Hands on: Google Pixel 6a is a mid-range phone with compromises

July 22nd, 2022 | by Wilson Wong
Hands on: Google Pixel 6a is a mid-range phone with compromises
Cellphones
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The Pixel 6a comes in various colours. PHOTO: Handout

If you loved the look of the Pixel 6 or Pixel 6 Pro but hesitated because of the price, the S$749 Pixel 6a out in Singapore now is a more wallet-friendly alternative.

Outwardly, it resembles its better-endowed siblings, but I feel that the Pixel 6a’s weight feels more balanced in hand over the Pixel 6 Pro’s more top-heavy design, which features a huge camera module.

Up front, the new phone’s 6.1-inch Full HD+ OLED is plenty good, even in bright sunlight. While the screen refreshes at ‘only’ 60Hz, it is more than enough for most users.

Despite not having the best refresh rate, the Pixel 6a’s screen is still good. The size is handy too, though just a tad thicker than the Oppo Find X5 Pro. PHOTO: Wilson Wong
The glass back is a staple with modern smartphones these days. Good thing the fingerprint smudges are not as obvious here. The camera module is not as thick as the Pixel 6 Pro so the new phone is not top heavy. PHOTO: Wilson Wong

The Pixel 6a has the same Tensor chip as the bigger siblings but only comes with 6GB of RAM and 128GB of storage space. Judging by the specs, the synthetic benchmark should be lower than the Pixel 6 which has 8GB RAM and Pixel 6 Pro which has 12GB.

Despite the weaker specs, the Pixel 6a performs well for my typical day-to-day usage with social media access, music listening, and video streaming, during my tests.

Even when I did a photo and video test session for four hours, the phone still lasted the day easily. The new adaptive battery and extreme battery saver modes in the Pixel 6a help restrict rarely used apps from being run or activated.

However, I am not very enthusiastic that the phone has only 128GB of storage space. Sure, Google wants its users to upload photos and videos to the cloud, but Google has stopped offering unlimited Photos storage space to Pixel owners since late last year. 

The cheaper Pixel 6a comes with only two camera lenses – an ultrawide and a normal wide-angle for the camera system. The camera app offers 2x zoom so the image is create from digital rather than telescopic zoom. PHOTO: Wilson Wong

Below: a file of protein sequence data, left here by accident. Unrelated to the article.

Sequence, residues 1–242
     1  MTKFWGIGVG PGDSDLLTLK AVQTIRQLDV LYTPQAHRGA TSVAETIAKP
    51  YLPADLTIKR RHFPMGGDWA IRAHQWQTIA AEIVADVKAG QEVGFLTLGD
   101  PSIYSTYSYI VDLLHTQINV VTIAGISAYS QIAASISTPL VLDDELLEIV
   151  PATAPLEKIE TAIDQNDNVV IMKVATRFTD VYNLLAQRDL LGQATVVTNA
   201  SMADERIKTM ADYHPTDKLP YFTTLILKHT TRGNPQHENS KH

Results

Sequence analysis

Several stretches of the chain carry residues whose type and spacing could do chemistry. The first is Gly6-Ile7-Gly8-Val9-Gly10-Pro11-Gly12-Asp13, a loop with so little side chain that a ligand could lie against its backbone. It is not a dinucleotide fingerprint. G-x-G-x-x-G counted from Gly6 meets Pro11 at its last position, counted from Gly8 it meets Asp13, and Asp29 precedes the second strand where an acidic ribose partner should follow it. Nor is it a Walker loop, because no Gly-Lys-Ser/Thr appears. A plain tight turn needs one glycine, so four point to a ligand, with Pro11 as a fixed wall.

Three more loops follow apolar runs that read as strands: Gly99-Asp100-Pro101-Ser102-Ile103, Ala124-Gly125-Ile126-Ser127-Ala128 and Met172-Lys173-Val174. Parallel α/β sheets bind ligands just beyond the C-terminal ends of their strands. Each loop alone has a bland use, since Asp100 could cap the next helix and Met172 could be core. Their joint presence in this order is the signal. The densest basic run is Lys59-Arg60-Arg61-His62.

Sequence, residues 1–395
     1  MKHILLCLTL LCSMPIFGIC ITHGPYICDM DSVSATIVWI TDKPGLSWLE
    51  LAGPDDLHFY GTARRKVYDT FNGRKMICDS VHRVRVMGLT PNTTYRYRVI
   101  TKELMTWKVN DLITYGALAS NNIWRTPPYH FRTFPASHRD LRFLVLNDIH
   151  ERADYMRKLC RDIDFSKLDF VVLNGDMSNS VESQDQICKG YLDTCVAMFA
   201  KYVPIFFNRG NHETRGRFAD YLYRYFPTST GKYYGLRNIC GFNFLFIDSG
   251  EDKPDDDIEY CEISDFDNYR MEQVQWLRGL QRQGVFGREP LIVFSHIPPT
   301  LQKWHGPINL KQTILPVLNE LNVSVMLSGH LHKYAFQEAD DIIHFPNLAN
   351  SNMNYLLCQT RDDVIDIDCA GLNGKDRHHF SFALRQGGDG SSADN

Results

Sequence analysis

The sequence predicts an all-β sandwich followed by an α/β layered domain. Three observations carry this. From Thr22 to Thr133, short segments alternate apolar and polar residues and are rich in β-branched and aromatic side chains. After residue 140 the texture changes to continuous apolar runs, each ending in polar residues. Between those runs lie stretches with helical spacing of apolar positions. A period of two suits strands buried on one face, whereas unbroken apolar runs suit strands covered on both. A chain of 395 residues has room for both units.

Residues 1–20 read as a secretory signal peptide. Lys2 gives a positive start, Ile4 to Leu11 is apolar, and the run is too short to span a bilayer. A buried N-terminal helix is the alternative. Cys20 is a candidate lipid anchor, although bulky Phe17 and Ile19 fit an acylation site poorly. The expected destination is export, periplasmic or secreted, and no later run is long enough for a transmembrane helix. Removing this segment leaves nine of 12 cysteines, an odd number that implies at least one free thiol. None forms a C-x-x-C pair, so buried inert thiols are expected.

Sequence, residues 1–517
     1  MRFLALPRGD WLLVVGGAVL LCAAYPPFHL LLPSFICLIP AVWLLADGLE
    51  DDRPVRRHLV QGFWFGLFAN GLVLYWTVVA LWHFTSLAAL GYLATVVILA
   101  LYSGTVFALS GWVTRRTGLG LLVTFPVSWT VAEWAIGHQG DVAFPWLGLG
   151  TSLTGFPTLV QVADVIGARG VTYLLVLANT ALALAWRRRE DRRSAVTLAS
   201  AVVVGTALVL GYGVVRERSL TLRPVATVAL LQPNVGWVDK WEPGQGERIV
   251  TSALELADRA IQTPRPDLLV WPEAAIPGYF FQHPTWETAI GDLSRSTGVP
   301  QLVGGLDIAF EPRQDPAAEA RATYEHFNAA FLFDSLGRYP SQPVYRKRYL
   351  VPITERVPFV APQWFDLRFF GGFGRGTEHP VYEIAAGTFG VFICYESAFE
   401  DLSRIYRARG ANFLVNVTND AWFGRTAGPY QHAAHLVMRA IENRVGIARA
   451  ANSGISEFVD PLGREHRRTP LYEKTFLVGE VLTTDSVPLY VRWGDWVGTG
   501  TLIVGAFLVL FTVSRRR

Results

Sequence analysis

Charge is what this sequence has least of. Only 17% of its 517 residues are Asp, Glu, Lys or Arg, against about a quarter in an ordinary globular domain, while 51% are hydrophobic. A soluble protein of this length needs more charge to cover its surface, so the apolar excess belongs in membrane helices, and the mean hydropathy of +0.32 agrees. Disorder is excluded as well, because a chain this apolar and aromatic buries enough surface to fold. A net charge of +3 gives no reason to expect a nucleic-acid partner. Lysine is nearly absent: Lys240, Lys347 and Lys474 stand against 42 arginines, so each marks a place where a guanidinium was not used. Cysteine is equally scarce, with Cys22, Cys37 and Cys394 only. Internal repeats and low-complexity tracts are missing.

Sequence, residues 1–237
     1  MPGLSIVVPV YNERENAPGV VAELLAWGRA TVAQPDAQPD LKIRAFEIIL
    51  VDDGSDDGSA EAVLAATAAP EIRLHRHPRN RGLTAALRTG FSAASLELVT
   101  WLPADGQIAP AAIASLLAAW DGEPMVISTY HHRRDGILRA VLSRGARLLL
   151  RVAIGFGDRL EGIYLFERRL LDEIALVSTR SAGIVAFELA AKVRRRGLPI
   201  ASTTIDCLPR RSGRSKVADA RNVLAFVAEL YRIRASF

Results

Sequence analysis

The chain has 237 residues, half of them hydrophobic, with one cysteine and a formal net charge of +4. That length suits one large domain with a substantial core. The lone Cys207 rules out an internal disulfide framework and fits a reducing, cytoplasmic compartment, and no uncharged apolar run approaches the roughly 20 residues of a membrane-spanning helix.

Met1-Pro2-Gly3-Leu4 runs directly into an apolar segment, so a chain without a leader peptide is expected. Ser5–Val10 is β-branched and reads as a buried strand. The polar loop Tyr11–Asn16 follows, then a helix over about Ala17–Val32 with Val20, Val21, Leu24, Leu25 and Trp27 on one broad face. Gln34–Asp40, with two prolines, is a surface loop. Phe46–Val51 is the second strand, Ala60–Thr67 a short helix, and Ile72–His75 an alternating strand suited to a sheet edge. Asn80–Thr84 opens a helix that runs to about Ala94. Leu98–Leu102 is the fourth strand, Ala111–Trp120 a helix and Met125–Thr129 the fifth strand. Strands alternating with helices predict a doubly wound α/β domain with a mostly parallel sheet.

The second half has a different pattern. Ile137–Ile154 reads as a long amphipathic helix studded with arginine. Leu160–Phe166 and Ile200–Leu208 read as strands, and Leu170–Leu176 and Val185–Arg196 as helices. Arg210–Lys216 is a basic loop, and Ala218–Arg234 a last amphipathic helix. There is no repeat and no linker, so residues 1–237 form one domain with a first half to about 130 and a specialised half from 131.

A 8-megapixel selfie camera, 12.2-megapixel main camera and a 12-megapixel ultrawide camera may seem anaemic compared to modern flagship phones like the Vivo X80 Pro and Oppo Find X5 Pro. 

Their 50-megapixel sensor for both their main and ultrawide cameras make the Google phone seem underwhelming, at least on paper. This is where Google’s computational imaging algorithm comes in handy. 

The images and videos from the Pixel 6a are perfect for sharing on social media. The smartphone’s landscape photos and food shots are sharp and well exposed. Portraits are also good with good skin tones and post-editing beautification that does not look too fake.

The bokeh effect in portrait mode is quite natural looking. Note the gradual effect being applied from the foreground to the background. Skin tone is a bit saturated too but it is acceptable. PHOTO: Wilson Wong
While the Pixel 6a is able to use computational imaging techniques to capture both sunrise and indoors, the problem is the amount of digital noise being captured. PHOTO: Wilson Wong
While shooting a video, you can take a photo too. PHOTO: Wilson Wong

Alas, this is still a mid-budget phone. The camera app has no manual controls to engage in more creative shots. The 2x zoom is digital, so do not expect high-quality zoom shots, either.

The panorama mode is not exactly class-leading either, especially when you have a human subject in the photo that gets distorted. The images I took also exhibit a fair amount of digital noise. Things to take note of, though if you’re after snapshots, these may not matter as much.

This is a still shot during video capture. Not bad at all, considering the complex lighting situation. PHOTO: Wilson Wong
Sunset here is well captured. A tad over-sharpened, though. PHOTO: Wilson Wong
The issue with computational imaging is that the High Dynamic Range (HDR) effect can be gaudy to look at. Thankfully, it is not too bad here but the greens are a tad too saturated. I would also have thought there would be some distortion correction but the corners have some distortions. PHOTO: Wilson Wong
The Pixel 6a shines when it comes to food photography. The colours are vibrant and the image is sharp. PHOTO: Wilson Wong
The selfie camera is good with good subject extraction when applying the bokeh behind. Pity that the florescent green hue is not corrected. PHOTO: Wilson Wong

The main reason users would get Google’s Pixel smartphones is the ecosystem that comes packaged with the device. Google Pay, Drive and other Google services work out of the box once you register your account. And you have frequent Android OS updates, which you will get early. 

The mid-priced Pixel 6a is not going to be class-leading but it has a more manageable size than its larger, costlier siblings, and the phone is generally a joy to use.

Video shot on the Pixel 6a. VIDEO: Wilson Wong

If you expect a great smartphone camera system, the latest Pixel may not be what you’re looking for. That said, at S$749, the smartphone may not be cheap but it does feel more expensive than it is.

The Pixel 6a is not a clear winner, yet it may attract users who appreciate Google services and a solid phone without emphasising too much on camera performance.

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